To draw the spokes, with their starting points at (0,0), we need to get the data points for each spoke ending. The calculation of these data points needs to call some geometric and trigonometric functions.

To refresh this knowledge, let’s see the following diagram. To calculate the coordinates for a spoke ending at certain degree, we will use sin() and cos() functions in data step. Such functions in SAS require parameters in radians, and we need to convert degrees to radians.

As we know, both radians and degrees in a sector are using units of angular as its measures. A round of a circle is comprised of 2π radians, which is the equivalent of 360° degrees. Therefore, the conversion from degrees to radians can be done by dividing the degrees value with 180/π, which is rounded to 57.3. For example, below snippet calculates the ending coordinates for a spoke whose radius equals to the value of 'radiusbase'.

### Calculate the values for three layers of short lines

We see three layers of short lines in the example radar chart, and they give the maximum, average, and minimum summary frequencies respectively on the spokes. These values will be used when we calculate the positions of vertices and the tick labels on the first spoke at twelve o'clock position. In this example, the values are 86.0, 46.5, and 5.0 in the output chart.

Below snippets will return these frequency values, and also the distinct count of the variable ‘cause’ by group of ‘process’ in the dataset.

### Calculate the data points values for the short lines endings

Perpendicular to each spoke, we need to draw some short lines that looks like tick markers. We will draw three layers of such short lines in this example.

As shown in below diagram, we need to have the length of the Refline to calculate the data points values for each short line endings. According to the Pythagorean theorem, calculate the length of Refline with certain radius and the specific length of the short line (the arclen in the diagram). In addition, with the arclen and radius value, we can calculate the degree θ2 from another right-angled triangle using the atan() function. This will help us to decide the angle used to calculate the coordinates of (lx, ly). Bear in mind, the atan() function returns radian and we need to convert from radians to degrees. This can be done by multiplying the radian value by 180/π, rounds to 57.3.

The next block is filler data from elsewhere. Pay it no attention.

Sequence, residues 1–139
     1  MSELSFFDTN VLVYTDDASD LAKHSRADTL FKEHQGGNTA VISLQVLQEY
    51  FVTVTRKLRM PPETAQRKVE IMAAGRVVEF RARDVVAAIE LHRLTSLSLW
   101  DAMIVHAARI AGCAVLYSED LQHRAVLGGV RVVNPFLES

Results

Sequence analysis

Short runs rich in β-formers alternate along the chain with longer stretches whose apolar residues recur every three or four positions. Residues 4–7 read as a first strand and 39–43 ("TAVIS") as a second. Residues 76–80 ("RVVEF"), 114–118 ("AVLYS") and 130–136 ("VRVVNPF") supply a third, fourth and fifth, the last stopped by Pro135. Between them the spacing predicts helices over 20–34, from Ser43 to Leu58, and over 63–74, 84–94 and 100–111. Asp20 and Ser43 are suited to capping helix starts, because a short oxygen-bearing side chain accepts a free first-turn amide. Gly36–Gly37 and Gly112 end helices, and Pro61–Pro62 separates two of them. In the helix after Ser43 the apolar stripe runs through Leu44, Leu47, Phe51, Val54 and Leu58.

The calculation of the ending points for each short line will use sin() and cos() functions, with the angles of (θ1-θ2) and (θ1+θ2) respectively. Thus, the length of each short line will be double of the arclen in the diagram.

### Adjust the length of radius in calculation

To calculate the coordinates of vertices for data points, we need to adjust the length of the base radius we used for the calculation. This is because the center of the spoke is at 0, while data points start at minimum value of frequency, i.e. 5.0 in this example; and end at maximum value of frequency, i.e. 86.0 here.

The snippet below calculates the adjusted radius used for data points intersecting the spokes.

That's the main idea of the calculations. You may get the full codes of the data preparation on GitHub. The codes generate a dataset named CalData. Loaded it into CAS, and we see it has 20 columns and 42 rows as shown in the screenshot.

In Part 2, I use the generated dataset CalData and show how to draw the radar chart in SAS Visual Analytics using a custom graph.

READ PART 2 NOW | DRAWING A RADAR CHART WITH A CUSTOM GRAPH